Meanwhile, public prosecutor ordered non-prosecution only 4 cases charged with the Emergency Decree related to political assembly. They cited the previous verdict of other courts, which are; political assembly did not occur in crowded place; did not cause public disorder; and did not prone to the spread of the virus.

However, public prosecutor tended to indict cases perpetually causing the defendant to fight for their rights. Also, throughout two years, interpretation of the regulation pursuant to the Emergency Decree is broaden after the spread of COVID-19.

It can be said that the role of public prosecutor in check and balance with the discretion of police officers is limited.

Authorities continue to harass activists during PM’s visits and due to political activities

In October, authorities continue to frequently harass activists and citizens due to political expression, especially during the prime minister’s visit in various provinces. In Ubon Ratchathani, at least 7 activists and citizens received house visits by both uniform and plain-clothed police officers or were requested a meeting to obtain information and warn against organizing political activities before and during Prayuth Chan-ocha’s official visit on 15 October 2021. The officers also went to monitor them around their houses. Later, when people organized a protest during Prayuth’s field visit displaying banners and throwing dog feed at the riot police who had set up a blockage, 4 citizens received a summon warrant to hear charges.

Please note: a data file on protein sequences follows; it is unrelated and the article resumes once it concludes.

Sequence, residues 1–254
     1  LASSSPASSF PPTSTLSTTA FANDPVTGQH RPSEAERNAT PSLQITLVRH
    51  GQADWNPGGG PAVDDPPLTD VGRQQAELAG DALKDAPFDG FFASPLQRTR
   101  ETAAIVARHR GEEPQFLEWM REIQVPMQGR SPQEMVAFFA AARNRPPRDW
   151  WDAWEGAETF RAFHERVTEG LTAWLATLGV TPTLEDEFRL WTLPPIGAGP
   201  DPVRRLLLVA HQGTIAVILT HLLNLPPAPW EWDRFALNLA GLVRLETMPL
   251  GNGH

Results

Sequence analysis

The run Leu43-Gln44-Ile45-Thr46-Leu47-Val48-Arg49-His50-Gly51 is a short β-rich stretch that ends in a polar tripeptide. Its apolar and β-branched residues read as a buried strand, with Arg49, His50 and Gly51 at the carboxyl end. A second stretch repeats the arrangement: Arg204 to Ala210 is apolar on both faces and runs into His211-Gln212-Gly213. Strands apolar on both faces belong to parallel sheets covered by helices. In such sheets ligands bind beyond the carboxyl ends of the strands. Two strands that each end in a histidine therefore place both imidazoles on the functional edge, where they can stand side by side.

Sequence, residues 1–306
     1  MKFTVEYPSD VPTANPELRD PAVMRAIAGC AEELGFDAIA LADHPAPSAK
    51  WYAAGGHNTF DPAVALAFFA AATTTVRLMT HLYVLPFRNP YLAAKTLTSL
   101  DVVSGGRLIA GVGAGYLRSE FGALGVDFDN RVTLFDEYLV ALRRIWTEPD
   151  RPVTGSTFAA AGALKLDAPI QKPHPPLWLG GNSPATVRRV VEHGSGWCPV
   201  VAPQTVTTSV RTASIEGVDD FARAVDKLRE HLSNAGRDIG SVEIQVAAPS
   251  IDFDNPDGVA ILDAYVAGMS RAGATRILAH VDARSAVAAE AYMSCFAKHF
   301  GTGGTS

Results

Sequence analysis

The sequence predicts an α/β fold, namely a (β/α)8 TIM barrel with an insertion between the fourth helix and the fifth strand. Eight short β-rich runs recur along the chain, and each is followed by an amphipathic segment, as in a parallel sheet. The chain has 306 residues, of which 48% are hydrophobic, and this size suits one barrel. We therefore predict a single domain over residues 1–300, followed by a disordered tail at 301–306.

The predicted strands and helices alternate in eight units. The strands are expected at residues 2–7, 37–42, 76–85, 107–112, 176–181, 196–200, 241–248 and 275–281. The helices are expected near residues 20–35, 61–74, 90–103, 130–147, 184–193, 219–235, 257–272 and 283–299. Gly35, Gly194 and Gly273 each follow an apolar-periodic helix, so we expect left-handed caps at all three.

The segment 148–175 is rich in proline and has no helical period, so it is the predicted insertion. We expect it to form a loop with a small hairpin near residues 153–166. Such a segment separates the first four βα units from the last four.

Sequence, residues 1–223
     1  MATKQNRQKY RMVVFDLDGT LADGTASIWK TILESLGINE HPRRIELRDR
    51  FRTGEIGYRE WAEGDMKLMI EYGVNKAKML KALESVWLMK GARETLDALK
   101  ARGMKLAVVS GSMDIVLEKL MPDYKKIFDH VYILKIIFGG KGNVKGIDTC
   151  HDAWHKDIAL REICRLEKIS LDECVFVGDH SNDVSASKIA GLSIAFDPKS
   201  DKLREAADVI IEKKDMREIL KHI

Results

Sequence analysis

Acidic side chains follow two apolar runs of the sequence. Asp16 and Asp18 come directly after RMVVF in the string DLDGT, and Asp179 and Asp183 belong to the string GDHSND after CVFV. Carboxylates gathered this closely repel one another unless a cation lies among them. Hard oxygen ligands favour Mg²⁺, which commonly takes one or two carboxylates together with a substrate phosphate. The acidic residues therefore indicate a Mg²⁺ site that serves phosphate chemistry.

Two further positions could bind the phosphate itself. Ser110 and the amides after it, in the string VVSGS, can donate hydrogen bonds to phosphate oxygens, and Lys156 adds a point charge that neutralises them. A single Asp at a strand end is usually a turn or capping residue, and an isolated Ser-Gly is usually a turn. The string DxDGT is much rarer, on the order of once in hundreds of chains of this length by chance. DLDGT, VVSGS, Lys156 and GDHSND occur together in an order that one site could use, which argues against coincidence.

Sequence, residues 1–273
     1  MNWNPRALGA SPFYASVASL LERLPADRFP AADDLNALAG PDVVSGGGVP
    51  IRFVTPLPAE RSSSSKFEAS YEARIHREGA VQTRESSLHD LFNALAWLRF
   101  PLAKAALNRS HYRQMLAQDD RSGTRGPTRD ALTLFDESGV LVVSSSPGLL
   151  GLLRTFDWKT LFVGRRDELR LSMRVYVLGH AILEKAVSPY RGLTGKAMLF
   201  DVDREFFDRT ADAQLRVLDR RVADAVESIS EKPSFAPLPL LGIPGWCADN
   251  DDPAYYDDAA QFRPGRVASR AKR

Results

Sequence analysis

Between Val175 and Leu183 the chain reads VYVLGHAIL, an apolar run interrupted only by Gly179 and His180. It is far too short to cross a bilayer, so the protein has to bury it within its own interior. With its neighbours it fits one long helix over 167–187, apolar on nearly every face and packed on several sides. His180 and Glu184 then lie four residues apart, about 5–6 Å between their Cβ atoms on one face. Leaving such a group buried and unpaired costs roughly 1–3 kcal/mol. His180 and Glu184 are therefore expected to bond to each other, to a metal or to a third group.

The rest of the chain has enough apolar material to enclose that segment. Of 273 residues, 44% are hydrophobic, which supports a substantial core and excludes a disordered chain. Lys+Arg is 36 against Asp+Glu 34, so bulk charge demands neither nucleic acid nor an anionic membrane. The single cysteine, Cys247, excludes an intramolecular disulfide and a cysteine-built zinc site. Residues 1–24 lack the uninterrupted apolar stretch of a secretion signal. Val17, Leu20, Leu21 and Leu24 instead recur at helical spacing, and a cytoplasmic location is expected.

Similarly, after the “Ratsadon Khon Kaen” group had organized a protest during Prawit Wongsuwan’s field visit in Khon Kaen province leading to clashes with the police, two protesters were charged with obstructing or resisting officers and using force to harm others.

In Chaiyaphum, after the “Kana Ratsadon Chaiyaphum” had posted announcing the activity to commemorate the 14 October 1973 event at the Chao Pho Phaya Lae Monument, police officers visited at least 3 political activists in Chaiyaphum at their house. They also tried to regulate what issues were acceptable to address and what not.

Lastly, there was the case of “Bang” (real name undisclosed), a 22-year-old student from the Navamindradhiraj University who was accused of Section 112 for setting fire to the royal arch in Din Daeng. Ten police officers went to meet with his mother at their house trying to pressure her not to let her son be involved in politics and organize protests.